For pies at 6pm, the day before, I would make the dough at 8 or 9 am. Let it bulk ferment for 24 hours or so at ~64F (I put a half gallon jug of frozen water in a large ice chest to hold the temp). It will show very little rise - but lots of tiny tiny bubbles will be starting to form at the end of the 24 hours. I use a clear plastic tub so I can keep an eye on them. At this point I ball it up and put it into individual Rubbermaid tubs and let it rise at about 77F (my room temp all year). I can start making the pies after 6 hours or so, but 8 or 9 is often better. That would put you about 6pm. I generally have a 6 hour+ window from that point to bake before the dough is getting overrisen. I like the individual plastic tubs because you can see the bubble formation and have a really good idea when things are ready.

Youll see lots of medium sized bubbles and lots of small bubbles, and the dough will have increased in volume by 1.7X or so when it is ready to go.

Differences in our culture, temperatures, flour, etc. could meaningfully affect these times. Id start here and adjust accordingly. It will probably take some experimentation.

CL
Pizza is not bread.

Offline TXCraig1

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Re: Sourdough pizza crust
« Reply #12 on: July 26, 2011, 03:28:25 PM »
I posted some pictures here that might help: http://www.pizzamaking.com/forum/index.php/topic,14356.0.html
Pizza is not bread.

Offline dellavecchia

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Re: Sourdough pizza crust
« Reply #13 on: July 26, 2011, 03:42:09 PM »
thanks for all the input as my sourdough experimentation continues.  I did have a question on the reply by John that follows:

1) when you say large % of levain are you referring to the 60 g of starter or the 128 g of flour and 128g of water added for the preferment?  If it's too large what would be a more appropriate amount?  I suspect I left the dough out too long after taking out of the refrig and/or let the preferment rise too long and didn't let the final dough rise enough.  Next time I'm thinking of skipping the preferment and just incorporating double the starter 120g into the final dough total of 791 g flour and 547g water and do a 1 hour rest with stretching and folding every 10 - 15 mins then a shorter bulk rise2 hours,  a final stretch and fold and then a 3 - 4 hour rise at least 1/3 increase in volume after balling before refrigerating the balls


Lloyd - When you add starter to a portion of the flour and water from the recipe and let it ferment, it is called, among other things, a levain. If you had commercial yeast instead of a natural starter, it might be called a poolish. It is all preferment.

You have a 40% levain as it applies to final dough flour. If you want to go the preferment route, which is closer to bread making, I would skip the cold retard completely, and do your stretch and folds/bulk over the course of a few hours, then ball. I would say you would be ready to bake after another 3 hours if your room temp is in the upper 70's, but that is a guess.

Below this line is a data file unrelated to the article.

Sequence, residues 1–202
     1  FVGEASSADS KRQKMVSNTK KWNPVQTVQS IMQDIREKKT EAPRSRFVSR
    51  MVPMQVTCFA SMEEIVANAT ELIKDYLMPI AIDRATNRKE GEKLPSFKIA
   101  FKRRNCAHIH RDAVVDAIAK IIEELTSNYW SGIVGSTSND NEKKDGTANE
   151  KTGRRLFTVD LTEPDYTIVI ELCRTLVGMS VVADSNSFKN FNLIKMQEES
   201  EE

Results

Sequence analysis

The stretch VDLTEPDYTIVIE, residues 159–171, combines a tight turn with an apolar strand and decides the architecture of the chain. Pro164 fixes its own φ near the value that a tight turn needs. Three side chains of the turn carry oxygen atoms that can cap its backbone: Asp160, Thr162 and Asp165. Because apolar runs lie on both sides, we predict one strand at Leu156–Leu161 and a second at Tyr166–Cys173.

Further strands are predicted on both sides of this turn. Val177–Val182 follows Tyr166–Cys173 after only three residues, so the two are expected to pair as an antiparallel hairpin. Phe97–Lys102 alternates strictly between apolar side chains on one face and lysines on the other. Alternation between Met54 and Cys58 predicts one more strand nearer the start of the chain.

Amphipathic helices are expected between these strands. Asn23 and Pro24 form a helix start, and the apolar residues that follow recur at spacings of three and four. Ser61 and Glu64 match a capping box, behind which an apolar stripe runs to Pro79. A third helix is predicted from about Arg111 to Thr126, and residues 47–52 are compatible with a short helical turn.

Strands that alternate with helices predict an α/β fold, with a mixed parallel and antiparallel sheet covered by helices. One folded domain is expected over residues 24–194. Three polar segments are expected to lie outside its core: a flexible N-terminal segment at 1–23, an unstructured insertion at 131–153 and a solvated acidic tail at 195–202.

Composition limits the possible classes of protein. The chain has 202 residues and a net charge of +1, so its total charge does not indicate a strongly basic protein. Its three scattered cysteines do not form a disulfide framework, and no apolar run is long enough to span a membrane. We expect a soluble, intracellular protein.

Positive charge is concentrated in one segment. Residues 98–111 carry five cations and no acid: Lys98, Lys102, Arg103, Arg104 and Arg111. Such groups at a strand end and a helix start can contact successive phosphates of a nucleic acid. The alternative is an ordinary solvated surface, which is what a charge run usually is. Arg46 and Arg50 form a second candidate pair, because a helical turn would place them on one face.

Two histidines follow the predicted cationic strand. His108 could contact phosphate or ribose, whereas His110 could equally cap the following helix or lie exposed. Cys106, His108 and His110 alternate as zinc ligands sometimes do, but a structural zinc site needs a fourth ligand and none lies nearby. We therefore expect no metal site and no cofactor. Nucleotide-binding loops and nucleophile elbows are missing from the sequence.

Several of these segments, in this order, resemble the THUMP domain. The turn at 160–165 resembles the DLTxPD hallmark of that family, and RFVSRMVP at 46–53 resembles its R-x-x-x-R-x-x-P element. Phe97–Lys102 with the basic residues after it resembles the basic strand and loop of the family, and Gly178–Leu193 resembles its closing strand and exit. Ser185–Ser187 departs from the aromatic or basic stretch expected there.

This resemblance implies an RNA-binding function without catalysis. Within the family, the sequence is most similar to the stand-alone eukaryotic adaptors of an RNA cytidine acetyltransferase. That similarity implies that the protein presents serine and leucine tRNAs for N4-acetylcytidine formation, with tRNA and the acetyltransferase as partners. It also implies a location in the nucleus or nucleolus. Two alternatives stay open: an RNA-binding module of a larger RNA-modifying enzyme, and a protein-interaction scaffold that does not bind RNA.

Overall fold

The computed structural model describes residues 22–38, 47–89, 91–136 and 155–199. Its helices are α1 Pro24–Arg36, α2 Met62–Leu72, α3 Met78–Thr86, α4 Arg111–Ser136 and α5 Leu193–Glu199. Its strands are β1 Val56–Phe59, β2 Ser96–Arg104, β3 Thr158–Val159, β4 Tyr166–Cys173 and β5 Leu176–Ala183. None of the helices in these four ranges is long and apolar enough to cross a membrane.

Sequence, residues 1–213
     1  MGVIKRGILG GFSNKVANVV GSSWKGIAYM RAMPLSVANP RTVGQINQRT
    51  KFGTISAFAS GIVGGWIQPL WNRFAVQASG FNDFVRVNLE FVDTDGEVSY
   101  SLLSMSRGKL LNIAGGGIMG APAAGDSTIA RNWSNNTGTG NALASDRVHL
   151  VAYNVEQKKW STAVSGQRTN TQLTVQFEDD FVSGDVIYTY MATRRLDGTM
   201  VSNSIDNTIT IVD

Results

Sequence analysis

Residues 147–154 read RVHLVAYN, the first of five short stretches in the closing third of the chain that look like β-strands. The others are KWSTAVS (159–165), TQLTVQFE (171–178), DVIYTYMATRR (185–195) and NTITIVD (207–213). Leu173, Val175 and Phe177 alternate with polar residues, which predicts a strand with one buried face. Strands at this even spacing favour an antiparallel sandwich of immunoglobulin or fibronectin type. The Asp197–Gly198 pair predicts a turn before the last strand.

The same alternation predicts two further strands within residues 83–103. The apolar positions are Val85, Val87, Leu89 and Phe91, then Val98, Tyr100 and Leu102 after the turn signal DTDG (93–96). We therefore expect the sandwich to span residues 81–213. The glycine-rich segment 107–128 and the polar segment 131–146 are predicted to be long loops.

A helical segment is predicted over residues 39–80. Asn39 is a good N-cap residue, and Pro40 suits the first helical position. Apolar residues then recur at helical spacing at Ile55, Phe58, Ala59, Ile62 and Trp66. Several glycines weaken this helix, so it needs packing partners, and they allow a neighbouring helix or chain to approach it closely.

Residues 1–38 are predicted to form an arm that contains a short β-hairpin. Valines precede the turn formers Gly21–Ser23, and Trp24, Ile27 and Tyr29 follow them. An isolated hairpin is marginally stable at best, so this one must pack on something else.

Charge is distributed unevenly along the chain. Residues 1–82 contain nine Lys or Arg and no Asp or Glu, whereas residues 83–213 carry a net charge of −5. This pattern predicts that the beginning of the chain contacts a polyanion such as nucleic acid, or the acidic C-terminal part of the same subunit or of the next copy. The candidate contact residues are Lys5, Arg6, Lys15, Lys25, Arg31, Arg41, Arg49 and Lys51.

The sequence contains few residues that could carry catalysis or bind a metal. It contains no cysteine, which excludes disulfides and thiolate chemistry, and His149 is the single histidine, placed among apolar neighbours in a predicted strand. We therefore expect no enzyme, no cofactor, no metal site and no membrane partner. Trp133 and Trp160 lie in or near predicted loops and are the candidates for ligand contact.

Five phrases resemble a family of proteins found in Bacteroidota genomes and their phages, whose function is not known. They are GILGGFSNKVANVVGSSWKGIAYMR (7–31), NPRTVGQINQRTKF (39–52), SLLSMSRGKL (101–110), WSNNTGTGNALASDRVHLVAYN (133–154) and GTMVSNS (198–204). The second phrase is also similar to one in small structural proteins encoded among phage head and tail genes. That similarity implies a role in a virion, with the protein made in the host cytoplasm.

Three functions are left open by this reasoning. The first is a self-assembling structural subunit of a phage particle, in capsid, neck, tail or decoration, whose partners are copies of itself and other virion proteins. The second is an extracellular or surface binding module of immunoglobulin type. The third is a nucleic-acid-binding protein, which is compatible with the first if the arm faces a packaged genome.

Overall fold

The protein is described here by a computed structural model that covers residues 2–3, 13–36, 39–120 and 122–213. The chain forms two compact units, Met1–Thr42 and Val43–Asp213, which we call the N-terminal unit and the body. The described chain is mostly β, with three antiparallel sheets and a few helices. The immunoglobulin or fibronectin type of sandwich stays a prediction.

You might also go the route that Craig outlined, which will produce excellent results as well. I am around 2-3% water weight right now for 20 hours total ferment this time of year.

John
« Last Edit: July 26, 2011, 03:44:27 PM by dellavecchia »

Offline lloydl2

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Re: Sourdough pizza crust
« Reply #14 on: July 26, 2011, 03:46:12 PM »
what's the hydration level of your starter mine is 100% (50% water 50% flour) it sounds like yours is thicker?  Do you feed your starter caputo or something different?  My dough is 69% hydration (Rhinehart recipe  looks like yours is 64% hydration.  I've found at least with idy that the higher hydration makes a more airy and tender crust...at the expense of being harder to work with especially with the molina tipo 00 flour which isn't near as absorbent as the KA all purpose I used to use...

thanks for all your help...

Lloyd

Offline TXCraig1

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Re: Sourdough pizza crust
« Reply #15 on: July 26, 2011, 04:21:12 PM »
what's the hydration level of your starter mine is 100% (50% water 50% flour) it sounds like yours is thicker?  Do you feed your starter caputo or something different?  My dough is 69% hydration (Rhinehart recipe  looks like yours is 64% hydration.  I've found at least with idy that the higher hydration makes a more airy and tender crust...at the expense of being harder to work with especially with the molina tipo 00 flour which isn't near as absorbent as the KA all purpose I used to use...

I don't know what the % hydration of my starter is. It's a little thicker than pancake batter. I don't think it matters much (within a reasonable range) in the formula quantities I'm talking about. I've been making dough between 60-62% hydration lately. I used to be at 64% with KAAP flour, but I'm liking it a little lower now that I've switched to Caputo.

What are you using for an oven? What sort of time/temp?

CL
Pizza is not bread.

Offline lloydl2

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Re: Sourdough pizza crust
« Reply #16 on: July 26, 2011, 04:43:53 PM »
I have a 2 stone pizza pro with a natural gas burner.  It can reach over 1000 degrees floor temp and about + 150/200 air temp.  Can only cook 1 pie at a time.  WWW.2stonepg.com 

I'd love a wbo but just don't have the space. We live in a condo and only have a small patio which has the Pizza oven a huge weber grill and a primo oval ceramic smoker... cookin be me!

I usually cook the pies at about 850 to 900 and they cook in 1.5 to 2 mins.

Are you feeding your starter KAAP or the Caputo? 

Offline TXCraig1

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Re: Sourdough pizza crust
« Reply #17 on: July 26, 2011, 06:19:08 PM »
This recipe/method should work well for you in your 2-stone. I feed my starter KAAP or KABF - whatever is handy.

CL
Pizza is not bread.